After Shane Warne called time on his Test career with 702 wickets and before Nathan Lyon began his journey to becoming their spin spearhead, Australia experimented with quite a few spinners. Here’s recalling their Test stints and how their careers unfolded.
Every specialist spinner after Warne’s last Test (January 5, 2007) and before Lyon’s debut (August 31, 2011) is a part of this list, with the numbers indicating their performance in that period.
Tests: 4, Wickets: 10 @65.10, 5WI: 0
Possibly one of the most unlucky international cricketers, MacGill’s career coincided with that of Warne and Australia’s reluctance to throw in two wrist spinners together meant that MacGill’s numbers were limited to 44 Tests and 208 wickets. Despite the ups and downs, MacGill still finished as the fifth-highest wicket-taking spinner for Australia in Tests. He played his last match in May 2008, a little over a year after Warne hung his boots. In 2011, he came out of retirement to feature in a season of BBL.
Tests: 3, Wickets: 8 @60.12, 5WI: 0
With Warne missing out on the one-off Test against hosts India in 1996 due to a finger surgery, Hogg made his Test debut but had to wait for seven years before wearing the Baggy Green again. The left-arm spinner, however, didn’t manage to pick even a single fifer in the seven Tests that he played, announcing his retirement in 2008. He returned, however, in 2012 but only as a T20 specialist.
Tests: 1, Wickets: 3 @43.00, 5WI: 0
The first specialist spinner to have made his debut after Warne’s retirement, Beau Casson played just the one Test, against West Indies in June 2008, after being drafted into the side following MacGill’s sudden retirement. Three wickets in the second innings helped Australia register a 37-run win, but it turned out to be all that he managed in his Test career. The left-arm spinner continued turning up for the New South Wales, finishing with 123 first-class wickets in 53 matches.
Tests: 4, Wickets: 5 @68.40, 5WI: 0
All four of White’s Test appearances came in India on Australia’s 2008 tour but a return of just five wickets on pitches most conducive to spin bowling was the end of White the spinner. He evolved into an explosive batsman, featuring in 91 ODIs and 47 T20Is for Australia and continued playing first-class cricket for Victoria until last year.
Tests: 2, Wickets: 13, 5WI: 1
In a Player of the Match performance on debut in November 2008, which was, incidentally, also White’s last Test, Krejza returned figures of 12-358. India won the match by 172 runs, but Krejza became one of the only eight bowlers to take eight wickets in an innings on debut. But the off-spinner turned out in the whites for Australia just one more time, against South Africa a month later. He did play international cricket again and was a part of Australia’s 2011 World Cup squad, taking five wickets in the tournament. But that was it.
Tests: 16, Wickets: 54 @36.22, 5WI: 2
Hauritz made his foray into Test cricket in the last game of the four-Test series against India in 2004, a Test after Warne had surpassed Muralitharan’s tally of 532 wickets,. He opened the bowling along with Jason Gillespie in the second innings, taking wickets of VVS Laxman and Sachin Tendulkar. But Hauritz had to wait four more years before his second Test appearance came along and the off-spinner soon became Australia’s premier tweaker, taking 58 wickets in 16 Tests on his second coming. Ahead of the 2010 Ashes, however, he was dropped in favour of Xavier Doherty – the left-arm spinner picked to tackle English middle order that featured majority of right-hand batsmen – and a certain Steve Smith.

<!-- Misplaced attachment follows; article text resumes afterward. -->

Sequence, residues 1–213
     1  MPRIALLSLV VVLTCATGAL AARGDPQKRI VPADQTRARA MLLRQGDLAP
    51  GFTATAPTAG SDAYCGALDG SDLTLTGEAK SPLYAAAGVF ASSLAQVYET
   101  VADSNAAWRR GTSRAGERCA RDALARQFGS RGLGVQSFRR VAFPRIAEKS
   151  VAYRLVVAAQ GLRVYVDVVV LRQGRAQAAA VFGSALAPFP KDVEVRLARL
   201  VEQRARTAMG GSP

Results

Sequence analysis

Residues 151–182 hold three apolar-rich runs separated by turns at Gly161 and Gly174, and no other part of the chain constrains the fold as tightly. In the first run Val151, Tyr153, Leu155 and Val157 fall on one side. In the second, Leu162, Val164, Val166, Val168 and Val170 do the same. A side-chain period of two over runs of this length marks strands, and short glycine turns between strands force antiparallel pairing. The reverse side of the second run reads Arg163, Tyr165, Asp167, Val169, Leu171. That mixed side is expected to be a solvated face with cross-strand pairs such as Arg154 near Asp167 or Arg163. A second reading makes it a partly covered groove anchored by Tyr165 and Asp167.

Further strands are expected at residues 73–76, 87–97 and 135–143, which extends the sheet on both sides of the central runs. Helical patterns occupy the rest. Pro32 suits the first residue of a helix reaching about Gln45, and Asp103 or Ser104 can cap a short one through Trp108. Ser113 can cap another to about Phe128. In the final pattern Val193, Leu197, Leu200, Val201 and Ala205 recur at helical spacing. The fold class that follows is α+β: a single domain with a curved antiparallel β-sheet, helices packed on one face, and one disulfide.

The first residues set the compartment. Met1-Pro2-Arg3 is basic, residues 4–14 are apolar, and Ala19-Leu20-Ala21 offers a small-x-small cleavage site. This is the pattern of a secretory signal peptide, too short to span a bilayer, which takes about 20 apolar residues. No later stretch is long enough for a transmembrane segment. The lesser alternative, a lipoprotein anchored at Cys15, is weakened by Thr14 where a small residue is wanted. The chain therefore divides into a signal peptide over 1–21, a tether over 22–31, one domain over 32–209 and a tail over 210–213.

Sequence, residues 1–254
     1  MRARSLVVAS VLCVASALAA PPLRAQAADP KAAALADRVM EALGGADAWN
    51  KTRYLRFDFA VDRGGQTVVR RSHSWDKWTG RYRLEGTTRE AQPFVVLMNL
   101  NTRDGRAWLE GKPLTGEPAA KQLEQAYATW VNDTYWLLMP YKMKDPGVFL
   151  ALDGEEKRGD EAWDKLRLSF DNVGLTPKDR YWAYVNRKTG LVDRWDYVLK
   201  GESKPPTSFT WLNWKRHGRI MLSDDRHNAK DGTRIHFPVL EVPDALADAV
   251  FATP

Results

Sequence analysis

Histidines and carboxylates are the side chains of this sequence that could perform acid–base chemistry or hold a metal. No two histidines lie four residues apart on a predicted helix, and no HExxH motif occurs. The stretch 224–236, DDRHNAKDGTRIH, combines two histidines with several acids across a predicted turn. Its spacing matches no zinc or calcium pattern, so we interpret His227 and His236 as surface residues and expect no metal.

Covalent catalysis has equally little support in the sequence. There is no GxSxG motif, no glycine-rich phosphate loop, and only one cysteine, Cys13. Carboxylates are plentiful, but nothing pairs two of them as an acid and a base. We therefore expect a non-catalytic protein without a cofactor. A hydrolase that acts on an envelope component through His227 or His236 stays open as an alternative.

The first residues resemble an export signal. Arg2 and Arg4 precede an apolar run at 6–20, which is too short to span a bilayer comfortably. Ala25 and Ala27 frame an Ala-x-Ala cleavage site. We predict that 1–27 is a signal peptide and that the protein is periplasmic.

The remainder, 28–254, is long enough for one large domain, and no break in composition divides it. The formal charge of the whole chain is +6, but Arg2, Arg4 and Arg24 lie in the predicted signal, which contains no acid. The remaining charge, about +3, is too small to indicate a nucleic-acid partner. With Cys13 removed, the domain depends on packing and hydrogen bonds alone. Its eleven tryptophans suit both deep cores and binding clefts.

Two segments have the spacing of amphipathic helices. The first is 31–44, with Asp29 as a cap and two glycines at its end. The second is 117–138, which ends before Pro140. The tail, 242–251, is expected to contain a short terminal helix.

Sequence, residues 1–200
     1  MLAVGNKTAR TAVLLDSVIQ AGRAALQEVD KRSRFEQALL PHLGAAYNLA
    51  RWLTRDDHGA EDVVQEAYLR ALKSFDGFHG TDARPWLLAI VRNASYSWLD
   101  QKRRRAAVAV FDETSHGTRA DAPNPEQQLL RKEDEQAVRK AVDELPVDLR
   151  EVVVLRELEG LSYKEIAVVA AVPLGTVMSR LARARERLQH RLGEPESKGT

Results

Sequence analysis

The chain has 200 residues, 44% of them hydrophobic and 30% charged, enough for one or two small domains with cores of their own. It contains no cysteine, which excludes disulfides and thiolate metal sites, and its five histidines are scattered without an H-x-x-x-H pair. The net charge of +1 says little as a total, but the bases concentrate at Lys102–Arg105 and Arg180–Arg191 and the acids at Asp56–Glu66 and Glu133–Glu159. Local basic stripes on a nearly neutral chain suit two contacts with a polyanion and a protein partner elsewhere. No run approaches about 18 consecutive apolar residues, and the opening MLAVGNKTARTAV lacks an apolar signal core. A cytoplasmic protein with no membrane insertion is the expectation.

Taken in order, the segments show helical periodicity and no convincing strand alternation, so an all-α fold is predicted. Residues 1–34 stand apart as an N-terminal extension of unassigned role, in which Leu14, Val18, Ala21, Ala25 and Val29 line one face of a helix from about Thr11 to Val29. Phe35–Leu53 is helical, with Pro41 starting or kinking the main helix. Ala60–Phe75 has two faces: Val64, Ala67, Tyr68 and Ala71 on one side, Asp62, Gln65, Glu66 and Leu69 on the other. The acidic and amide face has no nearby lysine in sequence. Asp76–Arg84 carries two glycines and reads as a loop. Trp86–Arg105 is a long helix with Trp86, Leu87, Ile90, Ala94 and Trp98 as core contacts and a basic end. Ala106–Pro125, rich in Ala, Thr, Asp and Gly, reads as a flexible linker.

Test: 1, Wickets: 0, 5WI: 0
Originally part of Australia’s tour of India in 2008, the then 36-year-old McGain had to return home unfortunately due to an injury to his right armpit. He underwent surgery and continued his wait for a Test debut, which came within half a year, against South Africa in Cape Town. But failure to take a wicket in the match, where he conceded 149 runs at 8.27 per over, brought a sudden end to his Test career. McGain continued playing first-class cricket for Victoria until 2010, ultimately finishing with 101 wickets in 33 first-class matches.
Tests: 5, Wickets: 3 @73.33, 5WI: 0
We all know what Steve Smith did after not quite making it as a leg-spinner – he became arguably Australia’s best batsman since Don Bradman. Making his debut against Pakistan at Lord’s in 2010, Smith batted at eight and nine respectively and didn’t bowl in the first innings at all. An almost match-saving 77 in the second innings of his second Test ultimately led to his promotion up the order as he transformed into a Test batting phenom.
Tests: 2, Wickets: 3 @102.00, 5WI: 0
Drafted into Australia’s 2010 Ashes squad at Hauritz’s expense to trouble the England middle order, Doherty struggled to affect the proceedings, taking just three wickets in the first two Tests of the series before getting sidelined. Two more Tests came his way three years later but even on spin-friendly pitches in India, Doherty couldn’t make an impact, picking just four wickets. He continued to feature in white-ball cricket for Australia, playing 60 ODIs and 11 T20Is in total, and was also part of their 2015 World Cup-winning squad.
Test: 1, Wickets: 3 @112.00, 5WI: 0
The last spinner Australia experimented with before Lyon came along, Beer debuted in the last Test of the 2010/11 Ashes series, and took just one wicket. Beer’s second Test came alongside Lyon in 2012, which turned out to be his last. The left-arm spinner continued playing domestic cricket and represented Perth Scorchers and Melbourne Renegades respectively in the Big Bash League before calling time on his BBL career in 2019.